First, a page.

Ios Tourist Attractions & Day Trips Greece - Greek Travel Guide
For the vast majority of visitors, daytime activity on the island of Ios is centred around the frantic resort beach of Mylopotas. But if you fancy getting away from the madding crowd for a few hours and want to uncover more of the island than it's well-known party persona you'll find Ios has more to offer than bikini-clad beach babes and lethal bombes (the potent local moonshine).
Start by exploring the delightful capital, Hora, which is a wonderful place to roam by day while the night time revellers are nursing their hangovers down at the beach. This is one of the prettiest towns in the whole of the Cyclades - a lovely concoction of narrow, arcaded alleyways, stone-flagged streets, traditional whitewashed Cycladic homes and intriguing shops.
If you take the stone steps up towards the village from the port you'll see the ruins of the ancient walls which once surrounded the town. The remnants of the walls on the west and north entrances to the town suggest it was inhabited as far back as the Archaic Period, several centuries BC. The walk is well worth doing at least once if only to enjoy the spectacular view of the bay below.
You can delve into the island's rich history by visiting the town's archaeological museum (open 8am - 2pm every day except Mondays). Hora's 12 windmills, in the square which is a focus of local religious festivals, are among its most distinctive features (Symilar to the picture postcard image of Mykonos).
Visit the Church of Agia Aekaterini where the ruins of an ancient temple dedicated to Apollo were unearthed in 1903. At the top of the town there's the chapel of Agios Nikolaos (one of around 400 chapels to be found on the island) and under the ancient castle you'll find the Church of Panagia Gremiotissa (Our Lady of the Cliffs), built during the Turkish occupation. Legend has it that the islanders built the church on a spot dictated by a miraculous icon of the Virgin which was discovered on the shores of Ios after the Cretans hurled it into the sea to save it from the Turkish invaders.
The island's natural beauty has always been a magnet for artists and many live here either permanently or part-time, including surrealist painter Helmut Kand whose work has been exhibited all over the world. Some of the Austrian artist's paintings and sculptures, inspired by the landscapes, sun and sea of the Cyclades, can be seen in the Modern Art Gallery in Hora.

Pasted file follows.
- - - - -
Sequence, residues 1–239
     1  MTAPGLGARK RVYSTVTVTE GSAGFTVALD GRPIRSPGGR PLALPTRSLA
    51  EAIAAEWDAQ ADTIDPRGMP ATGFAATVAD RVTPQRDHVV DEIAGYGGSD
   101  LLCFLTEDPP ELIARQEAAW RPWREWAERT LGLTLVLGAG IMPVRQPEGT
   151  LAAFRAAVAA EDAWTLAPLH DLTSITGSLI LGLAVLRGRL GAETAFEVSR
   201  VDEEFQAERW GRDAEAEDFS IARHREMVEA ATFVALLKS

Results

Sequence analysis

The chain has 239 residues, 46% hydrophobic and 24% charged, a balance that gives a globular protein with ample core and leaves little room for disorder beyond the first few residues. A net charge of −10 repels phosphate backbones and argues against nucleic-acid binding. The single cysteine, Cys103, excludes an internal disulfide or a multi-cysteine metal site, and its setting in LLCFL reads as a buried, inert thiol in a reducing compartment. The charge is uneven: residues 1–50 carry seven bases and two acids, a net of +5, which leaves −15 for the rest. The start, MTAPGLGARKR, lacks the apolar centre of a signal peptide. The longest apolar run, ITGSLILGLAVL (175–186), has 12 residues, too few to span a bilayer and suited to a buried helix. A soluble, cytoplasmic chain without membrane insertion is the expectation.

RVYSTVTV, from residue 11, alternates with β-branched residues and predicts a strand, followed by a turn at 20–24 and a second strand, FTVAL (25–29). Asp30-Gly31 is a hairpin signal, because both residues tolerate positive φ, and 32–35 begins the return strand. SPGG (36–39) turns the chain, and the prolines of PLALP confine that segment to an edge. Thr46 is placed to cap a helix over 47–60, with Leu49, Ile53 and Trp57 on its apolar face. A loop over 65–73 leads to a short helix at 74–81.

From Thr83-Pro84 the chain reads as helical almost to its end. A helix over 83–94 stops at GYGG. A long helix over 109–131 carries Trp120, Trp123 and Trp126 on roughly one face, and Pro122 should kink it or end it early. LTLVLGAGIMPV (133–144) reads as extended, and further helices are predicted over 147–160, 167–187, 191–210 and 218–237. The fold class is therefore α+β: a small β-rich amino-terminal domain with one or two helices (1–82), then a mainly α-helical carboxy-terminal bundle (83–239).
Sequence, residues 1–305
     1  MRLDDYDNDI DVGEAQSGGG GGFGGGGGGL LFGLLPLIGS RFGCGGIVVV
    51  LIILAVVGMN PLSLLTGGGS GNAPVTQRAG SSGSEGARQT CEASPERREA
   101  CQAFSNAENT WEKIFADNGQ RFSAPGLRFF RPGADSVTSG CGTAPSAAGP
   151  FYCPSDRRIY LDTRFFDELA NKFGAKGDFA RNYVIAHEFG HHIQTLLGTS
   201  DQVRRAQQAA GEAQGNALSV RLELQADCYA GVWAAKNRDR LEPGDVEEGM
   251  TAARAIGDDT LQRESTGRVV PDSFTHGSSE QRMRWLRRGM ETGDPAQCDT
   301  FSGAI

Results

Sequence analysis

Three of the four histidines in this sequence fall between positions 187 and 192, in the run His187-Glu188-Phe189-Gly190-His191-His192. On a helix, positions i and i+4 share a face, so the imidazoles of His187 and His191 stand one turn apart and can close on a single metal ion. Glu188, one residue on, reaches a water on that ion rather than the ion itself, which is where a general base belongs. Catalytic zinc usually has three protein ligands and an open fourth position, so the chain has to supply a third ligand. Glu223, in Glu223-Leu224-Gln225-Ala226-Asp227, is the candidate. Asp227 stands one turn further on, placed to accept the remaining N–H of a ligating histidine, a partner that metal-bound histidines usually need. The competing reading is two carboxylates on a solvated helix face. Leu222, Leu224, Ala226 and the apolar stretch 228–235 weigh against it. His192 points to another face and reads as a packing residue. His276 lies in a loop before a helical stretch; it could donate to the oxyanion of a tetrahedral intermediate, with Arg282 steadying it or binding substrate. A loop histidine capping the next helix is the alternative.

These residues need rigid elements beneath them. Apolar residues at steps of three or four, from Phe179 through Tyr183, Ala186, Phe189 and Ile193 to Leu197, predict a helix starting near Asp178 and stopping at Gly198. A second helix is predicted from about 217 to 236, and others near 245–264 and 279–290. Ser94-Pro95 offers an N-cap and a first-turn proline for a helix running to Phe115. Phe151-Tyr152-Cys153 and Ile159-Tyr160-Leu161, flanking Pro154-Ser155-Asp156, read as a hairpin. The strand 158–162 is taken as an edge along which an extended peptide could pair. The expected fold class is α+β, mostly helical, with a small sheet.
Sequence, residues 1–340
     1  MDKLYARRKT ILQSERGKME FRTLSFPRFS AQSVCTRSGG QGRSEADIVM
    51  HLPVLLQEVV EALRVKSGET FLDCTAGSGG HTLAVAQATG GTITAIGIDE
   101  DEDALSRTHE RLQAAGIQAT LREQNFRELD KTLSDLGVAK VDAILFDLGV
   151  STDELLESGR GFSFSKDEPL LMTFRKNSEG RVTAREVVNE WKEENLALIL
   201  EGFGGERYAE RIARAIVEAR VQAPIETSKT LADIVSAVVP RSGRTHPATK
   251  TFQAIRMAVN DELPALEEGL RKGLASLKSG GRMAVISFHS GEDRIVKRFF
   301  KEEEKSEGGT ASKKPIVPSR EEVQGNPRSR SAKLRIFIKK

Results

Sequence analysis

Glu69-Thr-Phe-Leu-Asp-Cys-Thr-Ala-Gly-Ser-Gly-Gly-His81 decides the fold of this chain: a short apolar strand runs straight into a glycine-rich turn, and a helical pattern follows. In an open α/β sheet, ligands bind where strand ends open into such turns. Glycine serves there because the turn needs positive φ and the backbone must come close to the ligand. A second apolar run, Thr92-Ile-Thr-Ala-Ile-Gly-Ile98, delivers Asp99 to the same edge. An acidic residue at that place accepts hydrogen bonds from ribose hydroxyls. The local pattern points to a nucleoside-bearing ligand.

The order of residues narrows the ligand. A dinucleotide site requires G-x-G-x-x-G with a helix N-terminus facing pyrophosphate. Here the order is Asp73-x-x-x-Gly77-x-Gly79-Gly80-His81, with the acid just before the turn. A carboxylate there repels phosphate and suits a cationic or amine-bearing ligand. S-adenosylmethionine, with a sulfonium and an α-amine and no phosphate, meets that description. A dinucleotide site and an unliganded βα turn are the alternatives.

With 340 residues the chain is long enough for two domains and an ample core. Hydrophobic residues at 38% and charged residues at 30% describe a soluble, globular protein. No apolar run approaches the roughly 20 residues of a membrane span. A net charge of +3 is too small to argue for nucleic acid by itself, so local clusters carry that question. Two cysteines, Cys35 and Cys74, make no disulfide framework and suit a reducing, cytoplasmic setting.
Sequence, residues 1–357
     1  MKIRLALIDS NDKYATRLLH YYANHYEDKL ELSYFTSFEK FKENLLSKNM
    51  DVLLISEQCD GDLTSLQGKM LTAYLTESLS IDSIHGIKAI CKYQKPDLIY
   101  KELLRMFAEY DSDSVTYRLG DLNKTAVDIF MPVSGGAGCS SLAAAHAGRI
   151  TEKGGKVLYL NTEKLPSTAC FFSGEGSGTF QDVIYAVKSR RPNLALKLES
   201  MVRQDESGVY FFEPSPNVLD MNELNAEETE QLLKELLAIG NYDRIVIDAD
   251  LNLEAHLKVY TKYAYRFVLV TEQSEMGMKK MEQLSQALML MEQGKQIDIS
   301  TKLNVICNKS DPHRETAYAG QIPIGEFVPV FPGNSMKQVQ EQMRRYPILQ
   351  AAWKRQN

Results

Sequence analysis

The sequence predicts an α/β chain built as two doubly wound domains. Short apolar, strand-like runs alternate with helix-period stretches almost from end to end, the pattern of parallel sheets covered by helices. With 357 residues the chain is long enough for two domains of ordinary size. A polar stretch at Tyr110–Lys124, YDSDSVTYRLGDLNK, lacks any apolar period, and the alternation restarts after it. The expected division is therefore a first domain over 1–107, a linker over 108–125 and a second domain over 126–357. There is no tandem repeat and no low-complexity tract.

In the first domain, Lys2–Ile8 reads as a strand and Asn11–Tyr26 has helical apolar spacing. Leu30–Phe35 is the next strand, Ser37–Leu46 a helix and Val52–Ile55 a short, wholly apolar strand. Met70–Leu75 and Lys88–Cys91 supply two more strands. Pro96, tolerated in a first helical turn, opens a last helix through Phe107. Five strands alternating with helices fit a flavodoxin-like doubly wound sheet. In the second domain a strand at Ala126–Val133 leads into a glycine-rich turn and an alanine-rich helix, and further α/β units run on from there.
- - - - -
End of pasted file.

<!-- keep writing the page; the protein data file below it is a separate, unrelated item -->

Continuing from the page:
Travel to the north east corner of the island to see the Paleokastro Venetian fortress, built in 1400 by Duke Marco Crispi (of the noble Venetian family which then ruled Ios and many of the neighbouring islands). The remains of the old Venetian town can still be seen inside. At the nearby monastery of Agias Theodotis you can see the door which medieval pirates once broke through, only to be scalded to death by boiling oil poured on their heads by the victorious islanders. A celebration is held here on September 8th each year to celebrate the event.
In the north of the island, 4.5 kilometres from Hora, you can visit the site reputed to be the burial place of one of the world's greatest ever literary masters, the Greek poet Homer. This is a matter of some conjecture but it's widely believed that Homer's mother was born on the island and that he spent the last years of his life here. It's difficult to prove as no-one is even sure when the creator of the Iliad and the Odyssey actually lived (probably around the 8th century BC) much less where he died. The ancient town has long since collapsed into the sea but the entrance to a tomb still remains.